All who pre-register are assigned an “audition hour.” Please come prepared to audition during that hour. Those listed first should be there early to finish registration, do a range check, and any warming up needed. We take you in the order of registration for that hour. There are rooms with pianos available for warm-ups.
Vocal Soloists should come prepared to sing a song of their choice that demonstrates the range, vocally and emotionally, that fits the role for which they are interested. Again, a lyrical style is preferred to a more formal operatic style of soloist. Please keep vocal selections to 3 minutes or less. Soloists selected for callbacks will be provided with music from Lamb of God to learn and present at callbacks. Please note that for some roles, you must not just demonstrate your solo abilities, but also your ability to fit well as part of a duet or trio. This is especially true for the three apostles and for Martha and Mary.
Cello Soloists should come ready to present a lyrical work of not more than 3 minutes in length. The selection should show a range of emotions. Think of Christ in the Garden of Gethsemane, meeting Pilate, or suffering on the cross. How would you portray that?
Narrators are one man and one woman. Come prepared to do a dramatic reading of no more than 2 minutes. You should also prepare to present a meaningful scripture. Some of the narration is directly from or paraphrasing scripture. Movement is not required as narration will be delivered from a seated position for Lamb of God. The Narrators are telling the story and should be engaging. It is okay to share the feeling and meaning of the words through your presentation of the narration.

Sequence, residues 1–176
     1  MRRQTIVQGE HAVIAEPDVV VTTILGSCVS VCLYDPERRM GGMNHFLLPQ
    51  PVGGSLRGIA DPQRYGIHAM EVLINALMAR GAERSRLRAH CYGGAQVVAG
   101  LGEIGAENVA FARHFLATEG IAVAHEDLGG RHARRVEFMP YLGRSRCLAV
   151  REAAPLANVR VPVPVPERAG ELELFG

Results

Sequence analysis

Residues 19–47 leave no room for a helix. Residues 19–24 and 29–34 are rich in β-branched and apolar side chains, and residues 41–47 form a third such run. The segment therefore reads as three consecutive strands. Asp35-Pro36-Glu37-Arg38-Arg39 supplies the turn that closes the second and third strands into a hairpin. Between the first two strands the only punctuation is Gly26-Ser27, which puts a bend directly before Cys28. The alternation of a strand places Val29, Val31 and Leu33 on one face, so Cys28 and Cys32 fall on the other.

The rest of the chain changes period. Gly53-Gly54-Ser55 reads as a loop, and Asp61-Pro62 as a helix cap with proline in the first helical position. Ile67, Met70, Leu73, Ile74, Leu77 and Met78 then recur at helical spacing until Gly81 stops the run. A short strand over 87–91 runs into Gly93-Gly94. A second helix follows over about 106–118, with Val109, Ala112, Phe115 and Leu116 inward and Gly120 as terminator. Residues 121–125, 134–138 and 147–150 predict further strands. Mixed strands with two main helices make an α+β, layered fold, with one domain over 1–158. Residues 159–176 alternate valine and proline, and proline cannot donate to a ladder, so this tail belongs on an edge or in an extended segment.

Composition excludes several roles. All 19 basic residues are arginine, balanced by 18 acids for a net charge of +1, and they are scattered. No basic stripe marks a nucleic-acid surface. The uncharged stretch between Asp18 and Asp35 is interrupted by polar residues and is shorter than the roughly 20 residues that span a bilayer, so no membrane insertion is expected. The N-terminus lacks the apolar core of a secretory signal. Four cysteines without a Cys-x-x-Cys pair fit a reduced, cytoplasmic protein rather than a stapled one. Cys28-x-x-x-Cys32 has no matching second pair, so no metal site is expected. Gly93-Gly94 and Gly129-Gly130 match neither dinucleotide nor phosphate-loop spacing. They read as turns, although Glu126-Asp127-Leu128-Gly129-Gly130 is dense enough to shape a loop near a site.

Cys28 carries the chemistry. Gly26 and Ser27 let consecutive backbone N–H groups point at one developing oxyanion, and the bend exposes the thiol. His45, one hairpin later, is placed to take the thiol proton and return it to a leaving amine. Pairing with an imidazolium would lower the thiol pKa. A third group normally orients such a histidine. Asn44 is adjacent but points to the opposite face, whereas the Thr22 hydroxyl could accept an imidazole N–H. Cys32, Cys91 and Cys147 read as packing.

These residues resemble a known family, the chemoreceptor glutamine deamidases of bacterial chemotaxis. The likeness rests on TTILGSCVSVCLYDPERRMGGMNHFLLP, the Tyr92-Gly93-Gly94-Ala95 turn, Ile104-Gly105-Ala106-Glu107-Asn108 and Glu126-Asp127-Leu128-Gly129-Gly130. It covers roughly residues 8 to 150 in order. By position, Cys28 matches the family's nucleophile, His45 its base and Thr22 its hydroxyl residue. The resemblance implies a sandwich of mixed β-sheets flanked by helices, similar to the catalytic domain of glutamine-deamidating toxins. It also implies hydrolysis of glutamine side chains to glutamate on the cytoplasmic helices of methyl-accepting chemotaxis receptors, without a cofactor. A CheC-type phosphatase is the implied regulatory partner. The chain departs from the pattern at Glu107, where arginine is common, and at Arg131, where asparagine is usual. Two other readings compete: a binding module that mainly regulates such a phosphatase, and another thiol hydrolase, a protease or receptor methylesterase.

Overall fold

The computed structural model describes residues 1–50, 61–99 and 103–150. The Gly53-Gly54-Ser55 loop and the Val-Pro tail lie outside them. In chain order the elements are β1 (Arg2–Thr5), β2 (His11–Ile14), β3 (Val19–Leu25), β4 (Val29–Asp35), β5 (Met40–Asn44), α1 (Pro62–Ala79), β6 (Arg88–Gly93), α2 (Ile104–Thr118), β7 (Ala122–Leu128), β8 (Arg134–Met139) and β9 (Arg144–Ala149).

Choir member candidates will do a range check and will sing their part in a hymn with others. Choir members who have sung in prior years do not need to audition, but should bring the completed information sheet to the first choir rehearsal, which is scheduled for Sunday, February 12. Rehearsals will be held on Sunday nights from 6 – 8:30 in Oakland and in a South Bay location.
Vocal Soloist Roles Available
The oratorio features 13 vocal soloists. Some alternate soloists will also be selected for some of the major roles. Alternate soloists will sing one of the performances, and of course must be prepared to step in and sing any performance where the primary is not able.
The following vocal soloist roles are needed:
Expectations for Vocal Soloists
To present a performance this Easter that will deeply enrich all who listen or participate, the following are expected of all soloists:
Oakland Interstake Center: 4770 Lincoln Ave, Oakland, CA 94602
Contact: Alan Chipman, Director (408) 887-8428